Monday, June 9, 2008

Thought for the Week - 6/9/08

Conformity is the jailer of freedom and the enemy of growth. -- John F. Kennedy

If you’ve hired someone for a particular job, you must have believed they were capable of doing that job. So why not get out of the way and let them do it? You hired them because you believed they were going to do the job, and you need to maintain that belief and treat them as such. The day that you believe that they can't do the job, is the day that you need to start doing something different, possibly even saying this is not the right place for them.

Empowerment has been defined as the process of enabling employees to reach their own potential in ways that help the team or organization. This definition focuses less on control and power and more on the effective use of autonomy and delegation. This allows employees both controls over and responsibility for the work they have been assigned.
Unfortunately, many managers and supervisors struggle with the act of delegation. Effective delegation requires being very specific about what you want, setting clear parameters and timelines, making sure the resources are available to accomplish the task, setting up regular “touch base” meetings to check on progress (if necessary), and being available for support if requested.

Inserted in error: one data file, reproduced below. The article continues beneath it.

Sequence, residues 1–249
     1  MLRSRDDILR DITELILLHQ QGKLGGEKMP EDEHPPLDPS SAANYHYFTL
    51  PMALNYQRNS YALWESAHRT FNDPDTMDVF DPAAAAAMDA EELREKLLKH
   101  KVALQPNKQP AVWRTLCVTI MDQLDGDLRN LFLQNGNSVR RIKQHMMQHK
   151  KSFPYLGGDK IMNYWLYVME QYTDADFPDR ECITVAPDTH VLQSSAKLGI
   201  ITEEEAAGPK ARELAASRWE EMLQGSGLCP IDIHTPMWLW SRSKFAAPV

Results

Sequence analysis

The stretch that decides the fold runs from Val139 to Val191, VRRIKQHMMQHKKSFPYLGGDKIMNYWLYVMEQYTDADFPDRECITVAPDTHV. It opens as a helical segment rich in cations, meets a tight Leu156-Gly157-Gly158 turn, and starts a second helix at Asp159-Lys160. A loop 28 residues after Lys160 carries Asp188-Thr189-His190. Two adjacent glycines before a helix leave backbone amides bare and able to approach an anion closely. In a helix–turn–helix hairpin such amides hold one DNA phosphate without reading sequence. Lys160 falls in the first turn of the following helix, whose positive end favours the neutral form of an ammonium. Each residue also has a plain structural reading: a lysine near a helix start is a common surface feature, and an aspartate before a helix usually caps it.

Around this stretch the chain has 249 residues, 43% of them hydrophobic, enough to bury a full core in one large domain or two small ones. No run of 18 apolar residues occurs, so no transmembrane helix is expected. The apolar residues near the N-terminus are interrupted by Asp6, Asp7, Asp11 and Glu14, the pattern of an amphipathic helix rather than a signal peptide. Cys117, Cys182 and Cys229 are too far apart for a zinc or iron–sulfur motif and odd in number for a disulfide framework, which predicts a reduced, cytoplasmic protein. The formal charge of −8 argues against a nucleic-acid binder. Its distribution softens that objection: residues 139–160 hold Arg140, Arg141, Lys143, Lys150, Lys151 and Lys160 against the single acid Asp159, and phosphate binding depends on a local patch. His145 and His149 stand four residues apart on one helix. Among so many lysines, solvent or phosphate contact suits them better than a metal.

One of the most critical rules of delegation is making sure you set appropriate limits, establish necessary ground rules, and clearly stating your expectations. If you can only spend a certain amount of money and you have a limited timeline, share that up front.
As long as those you delegate responsibility to meet the criteria that you gave them, you need to accept whatever they come back with. The worst thing you can do as a supervisor is send them off, let them work for two months, and when they come back and have met your criteria, you say that it's not what you wanted. You will kill morale.
We have all probably been in that boat where we asked “why didn't you just do it yourself the first time then, and save me the two months of work if you already knew what you wanted?” Your job is not to do the work for your employees. If that were the case, why would you need them in the first place?
Effective delegation not only instills independence in your employees, it also frees you up to do the job you were hired for. As suggested earlier, your role as a servant leader shifts from “managing” the productivity and progress of employees to coaching and mentoring their continued growth and development.

Have you ever been micromanaged?

How did it feel?

Did you like it?

Did you feel respected?

Did you respect the person who micromanaged you? I

t is always interesting to us that no matter how many people we ask, almost all have been micromanaged, but no one likes it!

So who is doing all the micromanaging and why?

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